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Teofimo Lopez will get his great shot against Vasiliy Lomachenko

13
Aug

On Wednesday night, sometime shortly after 8:17 p.m. ET, Teofimo Lopez received the best news of his boxing life—he will be getting his opportunity to fight Ring Magazine, WBA and WBO lightweight titleholder Vasiliy Lomachenko.

On Thursday, the IBF lightweight belt holder endured one of the worst feelings anyone can go through in life—having his Wisdom teeth pulled.

At least he got to sit in the dentist’s seat with a smile on his face.

The aim for Lomachenko-Lopez is October 17, despite the COVID-19 pandemic currently sweeping the world, and it will be shown nationally on regular ESPN—not pay-per-view—before an empty arena inside the MGM Grand in Las Vegas. The fight agreement was first reported by Mike Coppinger of The Athletic.



“COVID-19 was the biggest stumbling block,” admitted David McWater, Lopez’s manager. “There’s just less money in the pool. Unfortunately for us, Loma had a lot of guarantees that couldn’t be broken, so that took a bigger part of the pool.”

So, McWater said, with neither he nor Top Rank CEO Bob Arum able to move back and forth, they moved sideways during much of the negotiation.

It was reported that Lopez (15-0, 12 knockouts) would earn $1.5 million, though multiple sources said the figure would be closer to $1.7 million, while Lomachenko (14-1, 10 KOs) is expected to make around $3.2, giving up a small, low six-figure sum to make the fight happen.

“I think the deal works for everybody,” McWater said. “There are a lot of factors involved. Bob was great to deal with and talk to. We all wanted the same thing.

“It was a big deal to Teofimo that the fight took place in front of fans and it was one of those things that we had to give up on. You can’t argue with the virus. Nevada’s state government is making sure everyone will be safe, and we’re going to hold it in an empty arena.

“Fighting in front of fans is something that might have pushed this fight back six months, and no one was willing to do that.”

Having the fight shown on national TV under the ESPN umbrella was a huge factor in making the deal—as opposed to pay-per-view. It’s an audience that could fall well into the millions.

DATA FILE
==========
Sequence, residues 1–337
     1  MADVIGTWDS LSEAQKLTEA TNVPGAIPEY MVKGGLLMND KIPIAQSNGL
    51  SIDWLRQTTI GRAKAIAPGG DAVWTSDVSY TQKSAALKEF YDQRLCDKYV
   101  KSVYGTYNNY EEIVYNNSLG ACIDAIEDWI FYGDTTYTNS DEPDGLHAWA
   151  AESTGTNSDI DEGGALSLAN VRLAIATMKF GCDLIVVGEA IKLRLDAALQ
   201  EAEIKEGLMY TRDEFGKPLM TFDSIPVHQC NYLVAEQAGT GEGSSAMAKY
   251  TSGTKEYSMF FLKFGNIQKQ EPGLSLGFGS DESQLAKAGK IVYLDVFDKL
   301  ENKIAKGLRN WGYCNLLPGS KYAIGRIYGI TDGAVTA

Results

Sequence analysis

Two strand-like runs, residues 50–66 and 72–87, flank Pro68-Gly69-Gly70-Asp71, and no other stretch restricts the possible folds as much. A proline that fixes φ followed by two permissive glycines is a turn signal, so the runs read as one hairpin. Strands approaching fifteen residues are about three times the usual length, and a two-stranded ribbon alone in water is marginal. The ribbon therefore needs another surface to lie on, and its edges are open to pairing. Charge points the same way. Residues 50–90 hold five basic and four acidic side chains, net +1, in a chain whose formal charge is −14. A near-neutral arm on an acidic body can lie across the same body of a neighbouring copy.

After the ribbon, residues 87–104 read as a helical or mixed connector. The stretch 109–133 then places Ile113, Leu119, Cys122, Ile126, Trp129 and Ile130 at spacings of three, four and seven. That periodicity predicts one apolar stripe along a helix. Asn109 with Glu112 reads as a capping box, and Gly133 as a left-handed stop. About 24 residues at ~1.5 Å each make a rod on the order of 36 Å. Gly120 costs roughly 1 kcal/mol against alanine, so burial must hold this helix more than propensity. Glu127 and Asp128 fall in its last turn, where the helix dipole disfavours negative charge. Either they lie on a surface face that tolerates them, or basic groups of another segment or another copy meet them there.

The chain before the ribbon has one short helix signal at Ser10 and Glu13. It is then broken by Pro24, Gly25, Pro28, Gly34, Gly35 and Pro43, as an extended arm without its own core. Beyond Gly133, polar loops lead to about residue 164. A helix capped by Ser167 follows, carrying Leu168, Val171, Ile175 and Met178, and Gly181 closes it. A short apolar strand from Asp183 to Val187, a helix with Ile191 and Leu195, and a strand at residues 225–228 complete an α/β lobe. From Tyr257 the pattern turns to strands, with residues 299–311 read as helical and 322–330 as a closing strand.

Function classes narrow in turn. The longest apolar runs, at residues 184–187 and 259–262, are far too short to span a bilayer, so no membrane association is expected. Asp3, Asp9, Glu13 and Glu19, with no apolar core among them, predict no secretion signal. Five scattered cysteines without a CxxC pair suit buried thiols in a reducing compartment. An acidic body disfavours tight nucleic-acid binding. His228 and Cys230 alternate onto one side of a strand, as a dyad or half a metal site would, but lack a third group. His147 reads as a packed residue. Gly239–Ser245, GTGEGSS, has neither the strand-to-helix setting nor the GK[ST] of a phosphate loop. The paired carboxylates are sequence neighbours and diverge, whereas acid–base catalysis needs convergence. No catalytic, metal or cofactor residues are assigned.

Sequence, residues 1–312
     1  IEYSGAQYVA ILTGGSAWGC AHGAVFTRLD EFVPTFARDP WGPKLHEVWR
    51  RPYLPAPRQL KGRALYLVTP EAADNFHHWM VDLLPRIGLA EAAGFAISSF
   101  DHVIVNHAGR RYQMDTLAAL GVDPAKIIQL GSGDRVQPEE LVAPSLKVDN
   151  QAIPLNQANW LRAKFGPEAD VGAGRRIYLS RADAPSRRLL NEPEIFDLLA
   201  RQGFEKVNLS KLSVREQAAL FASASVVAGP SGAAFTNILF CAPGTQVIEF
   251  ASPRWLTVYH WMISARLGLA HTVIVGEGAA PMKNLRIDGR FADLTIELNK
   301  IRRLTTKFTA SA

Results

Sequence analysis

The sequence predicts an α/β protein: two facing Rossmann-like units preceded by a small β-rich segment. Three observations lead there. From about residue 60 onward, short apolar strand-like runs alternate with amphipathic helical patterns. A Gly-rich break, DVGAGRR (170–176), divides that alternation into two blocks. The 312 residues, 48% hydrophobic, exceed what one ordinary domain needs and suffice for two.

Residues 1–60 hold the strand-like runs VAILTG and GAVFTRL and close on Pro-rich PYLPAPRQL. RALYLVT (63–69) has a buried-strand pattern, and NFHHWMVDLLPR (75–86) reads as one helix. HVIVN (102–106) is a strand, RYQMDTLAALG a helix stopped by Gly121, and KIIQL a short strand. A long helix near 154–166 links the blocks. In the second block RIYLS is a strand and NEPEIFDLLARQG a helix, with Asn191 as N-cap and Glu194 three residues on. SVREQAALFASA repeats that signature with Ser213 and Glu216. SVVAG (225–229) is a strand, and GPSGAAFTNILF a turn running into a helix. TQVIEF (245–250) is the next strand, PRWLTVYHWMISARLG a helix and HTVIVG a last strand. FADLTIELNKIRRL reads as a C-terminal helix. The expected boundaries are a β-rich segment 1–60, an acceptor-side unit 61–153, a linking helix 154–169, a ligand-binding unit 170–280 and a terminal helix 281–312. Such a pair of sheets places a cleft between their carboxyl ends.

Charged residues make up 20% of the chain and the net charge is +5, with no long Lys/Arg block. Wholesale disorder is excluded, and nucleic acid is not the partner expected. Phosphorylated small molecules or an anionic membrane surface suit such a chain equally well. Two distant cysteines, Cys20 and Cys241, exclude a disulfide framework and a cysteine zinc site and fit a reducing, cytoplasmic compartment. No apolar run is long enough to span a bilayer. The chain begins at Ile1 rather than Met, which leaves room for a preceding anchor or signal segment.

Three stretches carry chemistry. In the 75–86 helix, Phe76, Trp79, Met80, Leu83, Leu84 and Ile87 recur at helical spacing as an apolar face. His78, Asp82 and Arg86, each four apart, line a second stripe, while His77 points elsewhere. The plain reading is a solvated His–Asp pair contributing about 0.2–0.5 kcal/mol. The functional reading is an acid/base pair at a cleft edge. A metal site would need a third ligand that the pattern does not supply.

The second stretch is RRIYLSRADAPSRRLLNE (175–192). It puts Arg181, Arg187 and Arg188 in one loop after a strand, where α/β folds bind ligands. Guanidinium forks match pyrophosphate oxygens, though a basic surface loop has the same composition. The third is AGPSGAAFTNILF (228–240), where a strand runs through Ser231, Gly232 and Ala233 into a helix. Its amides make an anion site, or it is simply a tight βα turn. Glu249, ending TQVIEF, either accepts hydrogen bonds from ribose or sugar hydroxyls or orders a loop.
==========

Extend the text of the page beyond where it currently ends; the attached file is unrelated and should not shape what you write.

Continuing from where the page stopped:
“Fighting on ESPN was really important to us,” McWater said. “We felt like if we’re going to fight the best fighter in the world for less money than we wanted, we like everybody to see us beat him.

“That was key for us. It’s something that we’re excited about.”

The numbers allowed may be between 50 to 70 in the stands. Media may not be allowed to be there live. Those numbers will be determined by the Nevada state government.

“Teofimo wanted to make this fight happen,” McWater said. “That was the No. 1 driving force in making the fight and the decisions that we made. We were not willing to miss this opportunity.”

At 23, Lopez could become the youngest lightweight champion in the four-belt era. By the time they step into the ring, Lomachenko, 32-year-old, two-time Ukrainian Olympic gold medalist, will have gone 14 months between fights—the longest hiatus of his professional career. Lomachenko last fought in August 2019.

Lopez will have gone 10 months in between fights, which is the longest time he’s been off in his career.

“We would prefer October 24, but PBC may have something going on the 24th and ESPN I think would prefer the 17th,” McWater said. “It’s a fight everyone wanted and a fight everyone is going to get—and it will be huge. Both sides really wanted to make this fight.”

Joseph Santoliquito is an award-winning sportswriter who has been working for Ring Magazine/RingTV.com since October 1997 and is the president of the Boxing Writers Association of America. He can be followed on twitter @JSantoliquito.

 

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